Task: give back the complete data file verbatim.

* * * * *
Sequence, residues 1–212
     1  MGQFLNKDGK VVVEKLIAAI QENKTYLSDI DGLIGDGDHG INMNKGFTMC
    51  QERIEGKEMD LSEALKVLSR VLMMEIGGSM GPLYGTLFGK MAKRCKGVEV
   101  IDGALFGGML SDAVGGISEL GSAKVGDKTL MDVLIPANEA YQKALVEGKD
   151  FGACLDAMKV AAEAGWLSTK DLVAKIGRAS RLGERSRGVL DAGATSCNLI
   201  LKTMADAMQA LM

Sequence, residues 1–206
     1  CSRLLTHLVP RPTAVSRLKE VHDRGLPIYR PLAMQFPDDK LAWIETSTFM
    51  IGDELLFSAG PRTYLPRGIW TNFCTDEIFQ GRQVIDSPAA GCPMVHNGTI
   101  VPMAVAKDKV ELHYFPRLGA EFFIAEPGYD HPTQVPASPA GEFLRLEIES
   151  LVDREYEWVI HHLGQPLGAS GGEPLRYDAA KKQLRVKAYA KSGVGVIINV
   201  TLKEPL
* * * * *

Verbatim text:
Sequence, residues 1–212
     1  MGQFLNKDGK VVVEKLIAAI QENKTYLSDI DGLIGDGDHG INMNKGFTMC
    51  QERIEGKEMD LSEALKVLSR VLMMEIGGSM GPLYGTLFGK MAKRCKGVEV
   101  IDGALFGGML SDAVGGISEL GSAKVGDKTL MDVLIPANEA YQKALVEGKD
   151  FGACLDAMKV AAEAGWLSTK DLVAKIGRAS RLGERSRGVL DAGATSCNLI
   201  LKTMADAMQA LM

Sequence, residues 1–206
     1  CSRLLTHLVP RPTAVSRLKE VHDRGLPIYR PLAMQFPDDK LAWIETSTFM
    51  IGDELLFSAG PRTYLPRGIW TNFCTDEIFQ GRQVIDSPAA GCPMVHNGTI
   101  VPMAVAKDKV ELHYFPRLGA EFFIAEPGYD HPTQVPASPA GEFLRLEIES
   151  LVDREYEWVI HHLGQPLGAS GGEPLRYDAA KKQLRVKAYA KSGVGVIINV
   201  TLKEPL